ikulo wrote:do you have a link to this study? thanks!
Here is the link that thumbsup posted on the General Discussion forum here:
But I don't think the study shows that exercise REDUCES the damage, only that there is a relationship between those that exercised having less damage. To me, it could more accurately mean that healthier people with less damage are also less affected in their ability to exercise, but the more brain damage you get, the more it affects you, including your ability to exercise. I don't think the study shows that exercise RESULTS in less damage. At least that's my take on it.
Getting back to the original topic, I think for me and with such a high risk of re-stenosis and potentially serious risks and complications that it appears only a very experienced IR can deal with, I don't think I'd GET treatment for CCSVI abroad until I had someone local who I know could take care of me when I got home afterwards (I'm in Canada too). Aftercare seems to me to be too important not to be taken into consideration when even deciding to go for treatment somewhere else.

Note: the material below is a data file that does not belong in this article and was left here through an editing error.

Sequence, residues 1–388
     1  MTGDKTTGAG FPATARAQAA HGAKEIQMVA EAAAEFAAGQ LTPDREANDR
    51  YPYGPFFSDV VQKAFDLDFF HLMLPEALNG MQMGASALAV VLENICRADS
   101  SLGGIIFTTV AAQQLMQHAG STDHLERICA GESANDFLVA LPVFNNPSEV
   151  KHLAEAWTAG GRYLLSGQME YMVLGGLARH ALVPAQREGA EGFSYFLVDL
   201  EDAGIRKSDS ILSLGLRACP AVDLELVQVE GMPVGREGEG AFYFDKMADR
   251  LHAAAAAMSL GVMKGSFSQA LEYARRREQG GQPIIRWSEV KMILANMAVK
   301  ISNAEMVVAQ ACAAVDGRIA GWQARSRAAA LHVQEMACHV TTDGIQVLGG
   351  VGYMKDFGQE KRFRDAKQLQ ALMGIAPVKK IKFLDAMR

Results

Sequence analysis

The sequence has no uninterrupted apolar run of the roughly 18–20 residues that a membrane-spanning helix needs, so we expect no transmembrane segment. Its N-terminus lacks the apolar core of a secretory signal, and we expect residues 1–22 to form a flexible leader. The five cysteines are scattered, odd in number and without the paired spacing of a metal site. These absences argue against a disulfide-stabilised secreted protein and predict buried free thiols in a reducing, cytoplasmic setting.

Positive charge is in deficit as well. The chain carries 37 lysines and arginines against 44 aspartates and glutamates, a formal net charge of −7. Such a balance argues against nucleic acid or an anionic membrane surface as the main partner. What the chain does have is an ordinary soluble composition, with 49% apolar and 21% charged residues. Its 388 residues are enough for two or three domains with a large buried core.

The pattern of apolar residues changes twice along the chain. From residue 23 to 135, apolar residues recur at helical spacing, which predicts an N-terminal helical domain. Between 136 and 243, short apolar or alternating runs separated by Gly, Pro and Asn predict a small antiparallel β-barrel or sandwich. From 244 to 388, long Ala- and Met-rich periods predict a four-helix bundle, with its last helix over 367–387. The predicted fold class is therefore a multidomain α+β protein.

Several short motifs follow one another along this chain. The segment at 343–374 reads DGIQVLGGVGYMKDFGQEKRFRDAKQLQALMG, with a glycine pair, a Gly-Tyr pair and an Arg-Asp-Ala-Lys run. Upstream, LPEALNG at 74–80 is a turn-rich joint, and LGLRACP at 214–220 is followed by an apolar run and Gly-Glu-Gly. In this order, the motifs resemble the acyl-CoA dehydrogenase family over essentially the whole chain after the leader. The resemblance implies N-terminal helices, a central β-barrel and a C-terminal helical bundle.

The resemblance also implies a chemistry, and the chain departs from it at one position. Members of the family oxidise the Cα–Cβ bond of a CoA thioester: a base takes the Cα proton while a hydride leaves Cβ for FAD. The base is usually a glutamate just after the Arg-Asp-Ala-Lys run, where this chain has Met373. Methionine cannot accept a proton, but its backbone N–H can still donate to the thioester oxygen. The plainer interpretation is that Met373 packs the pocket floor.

I see quite a few people asking Dr. Sclafani serious questions about their care, or what could be happening with them after-treatment that really should be directed at a treating physician. I think they need someone to examine them and take scans to determine what's going on with them now. It's scary for me to look at these people needing medical assessment who are relying on an internet diagnosis and assessment when they are in serious need of hands-on care. I don't think that's a situation I want to be in, asking a (very fine) doctor over the internet to tell me what could possibly be going on with my angioplasty or stents because I'm not improving or I seem to be having side effects. I just can't see me putting myself in that position, it sounds too scary and an even worse situation, one that I'm not prepared to assume right now, even though I'm quite affected by MS. But that sounds potentially even worse. I'm just wondering how others decided to go for treatment, if they even thought about it or tried to find local medical care to deal with them afterwards.